We’re going to pass by the entire ‘murderer’ aspect of Chris Benoit and focus entirely on his wrestling instead, because we have no idea what was going on there and frankly we don’t like to get too depressing here on Wilftonville. Chris Benoit was, simply put, one of the hardest-working wrestlers out there. There are a lot of wrestlers who do the job to put on a show – Chris Benoit never really cared much for that style. He wanted to make wrestling look realistic, and violent, and brutal. Which is really what wrestling should try to get back to. There’s an interest nowadays in providing controversial storylines that overshadow the wrestling itself, which is what lost our interest in the whole shebang. What we want are more people like Chris Benoit, who don’t oversell, who have integrity (in the ring he did) and grit. We want to see wrestling - and correct us if this is a strange way to view it – that looks painful.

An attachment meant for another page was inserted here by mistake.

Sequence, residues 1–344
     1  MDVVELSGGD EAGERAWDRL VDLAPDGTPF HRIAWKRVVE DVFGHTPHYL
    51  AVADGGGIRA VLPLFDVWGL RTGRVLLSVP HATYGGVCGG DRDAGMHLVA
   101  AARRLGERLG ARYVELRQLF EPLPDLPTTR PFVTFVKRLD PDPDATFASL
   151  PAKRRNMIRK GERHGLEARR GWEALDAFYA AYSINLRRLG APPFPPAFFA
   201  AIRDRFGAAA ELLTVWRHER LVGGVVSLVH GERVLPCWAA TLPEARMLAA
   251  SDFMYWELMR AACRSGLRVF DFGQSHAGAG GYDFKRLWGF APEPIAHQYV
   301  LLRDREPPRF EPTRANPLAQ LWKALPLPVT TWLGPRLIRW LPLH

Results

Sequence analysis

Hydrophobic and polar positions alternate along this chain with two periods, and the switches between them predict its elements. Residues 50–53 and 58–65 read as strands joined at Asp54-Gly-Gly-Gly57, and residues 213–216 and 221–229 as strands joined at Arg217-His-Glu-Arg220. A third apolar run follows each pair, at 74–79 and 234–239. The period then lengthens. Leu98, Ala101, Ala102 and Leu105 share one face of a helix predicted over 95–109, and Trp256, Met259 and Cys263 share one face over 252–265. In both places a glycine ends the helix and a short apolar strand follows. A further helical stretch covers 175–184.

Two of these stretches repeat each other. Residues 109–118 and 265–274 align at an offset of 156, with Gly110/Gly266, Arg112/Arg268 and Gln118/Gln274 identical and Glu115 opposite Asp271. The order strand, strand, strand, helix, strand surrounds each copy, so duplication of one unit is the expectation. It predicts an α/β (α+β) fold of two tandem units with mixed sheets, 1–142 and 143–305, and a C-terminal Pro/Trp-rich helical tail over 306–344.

Chris Benoit was also an astonishingly capable guy. He got injured quite often from the visceral way he fought, and his signature moves showed athleticism and tactical play that you don’t get much anymore. Not the best of characters on the mike, though, but he more than made up for any of this with his attitude in the ring. If you saw Chris Benoit make his way to the ring, you knew that something was going to happen. He helped make wrestling gripping again. He was completely committed to the art of wrestling, which made his rise inevitable. It’s just a shame this was followed by such a shocking fall.